Rowan Williams on his Graduation, Christ's College Cambridge, with Parents Aneurin and Delphine Williams, 1971From 1977, he spent nine years in academic and parish work in Cambridge: first at Westcott House, being ordained priest in 1978, and from 1980 as curate at St George's, Chesterton. In 1983 he was appointed as a lecturer in Divinity in the university, and the following year became dean and chaplain of Clare College. 1986 saw a return to Oxford now as Lady Margaret Professor of Divinity and Canon of Christ Church; he was awarded the degree of Doctor of Divinity in 1989, and became a fellow of the British Academy in 1990. He is also an accomplished poet and translator.
Rowan Williams and Jane Paul on their Wedding Day, 1981In 1991 Professor Williams accepted election and consecration as bishop of Monmouth, a diocese on the Welsh borders, and in 1999 on the retirement of Archbishop Alwyn Rice Jones he was elected Archbishop of Wales, one of the 38 primates of the Anglican Communion. Thus it was that, in July 2002, with eleven years' experience as a diocesan bishop and three as a leading primate in the Communion, Archbishop Williams was confirmed on 2 December 2002 as the 104th bishop of the See of Canterbury: the first Welsh successor to St Augustine of Canterbury and the first since the mid-thirteenth century to be appointed from beyond the English Church.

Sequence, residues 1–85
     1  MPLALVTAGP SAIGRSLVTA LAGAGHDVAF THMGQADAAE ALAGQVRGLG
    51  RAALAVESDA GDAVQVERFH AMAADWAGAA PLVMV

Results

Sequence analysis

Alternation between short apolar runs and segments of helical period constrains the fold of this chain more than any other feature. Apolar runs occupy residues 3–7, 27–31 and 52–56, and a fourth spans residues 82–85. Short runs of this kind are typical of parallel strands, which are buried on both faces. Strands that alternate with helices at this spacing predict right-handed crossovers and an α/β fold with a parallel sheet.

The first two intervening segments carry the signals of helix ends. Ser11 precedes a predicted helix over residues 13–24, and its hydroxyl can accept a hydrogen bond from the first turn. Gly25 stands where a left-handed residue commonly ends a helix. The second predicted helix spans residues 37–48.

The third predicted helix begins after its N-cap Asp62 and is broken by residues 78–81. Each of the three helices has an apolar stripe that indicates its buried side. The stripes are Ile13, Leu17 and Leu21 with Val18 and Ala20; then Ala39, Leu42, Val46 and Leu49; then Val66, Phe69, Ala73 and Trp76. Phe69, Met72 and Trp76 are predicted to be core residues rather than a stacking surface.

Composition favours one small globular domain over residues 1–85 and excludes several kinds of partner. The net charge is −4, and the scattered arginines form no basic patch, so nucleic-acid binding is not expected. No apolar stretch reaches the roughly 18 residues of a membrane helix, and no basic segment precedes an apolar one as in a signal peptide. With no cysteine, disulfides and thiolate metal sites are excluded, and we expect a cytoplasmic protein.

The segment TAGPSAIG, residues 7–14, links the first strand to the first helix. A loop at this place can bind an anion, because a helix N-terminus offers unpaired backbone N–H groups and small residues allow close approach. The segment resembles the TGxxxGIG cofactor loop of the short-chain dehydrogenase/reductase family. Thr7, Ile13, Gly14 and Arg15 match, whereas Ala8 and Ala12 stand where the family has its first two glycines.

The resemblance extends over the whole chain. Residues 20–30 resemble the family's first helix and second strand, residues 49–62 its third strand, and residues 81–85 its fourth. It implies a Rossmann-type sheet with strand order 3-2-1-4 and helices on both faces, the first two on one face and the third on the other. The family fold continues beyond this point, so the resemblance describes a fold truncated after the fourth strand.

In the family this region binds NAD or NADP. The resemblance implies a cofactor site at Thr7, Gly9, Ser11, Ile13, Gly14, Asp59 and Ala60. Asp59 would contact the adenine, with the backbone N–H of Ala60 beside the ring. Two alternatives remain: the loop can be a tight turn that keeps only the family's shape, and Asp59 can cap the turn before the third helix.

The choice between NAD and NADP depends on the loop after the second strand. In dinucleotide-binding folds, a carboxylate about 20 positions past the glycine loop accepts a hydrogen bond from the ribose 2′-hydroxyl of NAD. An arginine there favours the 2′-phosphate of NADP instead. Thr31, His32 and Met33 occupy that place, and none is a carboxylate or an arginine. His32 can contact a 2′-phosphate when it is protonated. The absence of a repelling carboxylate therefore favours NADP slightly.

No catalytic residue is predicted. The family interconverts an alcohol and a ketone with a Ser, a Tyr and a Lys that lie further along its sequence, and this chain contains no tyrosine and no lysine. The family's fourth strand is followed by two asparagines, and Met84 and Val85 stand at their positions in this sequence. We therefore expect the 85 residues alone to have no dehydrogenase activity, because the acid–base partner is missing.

Dr Williams is acknowledged internationally as an outstanding theological writer, scholar and teacher. He has been involved in many theological, ecumenical and educational commissions. He has written extensively across a very wide range of related fields of professional study – philosophy, theology (especially early and patristic Christianity), spirituality and religious aesthetics – as evidenced by his bibliography. He has also written throughout his career on moral, ethical and social topics and, since becoming archbishop, has turned his attention increasingly on contemporary cultural and interfaith issues.
As Archbishop of Canterbury his principal responsibilities are however pastoral – leading the life and witness of the Church of England in general and his own diocese in particular by his teaching and oversight, and promoting and guiding the communion of the world-wide Anglican Church by the globally recognized ministry of unity that attaches to the office of bishop of the see of Canterbury.
His interests include music, fiction and languages.
In 1981 Dr Williams married Jane Paul, a lecturer in theology, whom he met while living and working in Cambridge. They have a daughter and a son.
Rowan Williams was born in 1950.
Rowan Williams has published or released items in the following series...
Challenges in Contemporary Theology
Outstanding Christian Thinkers (Paperback Continuum)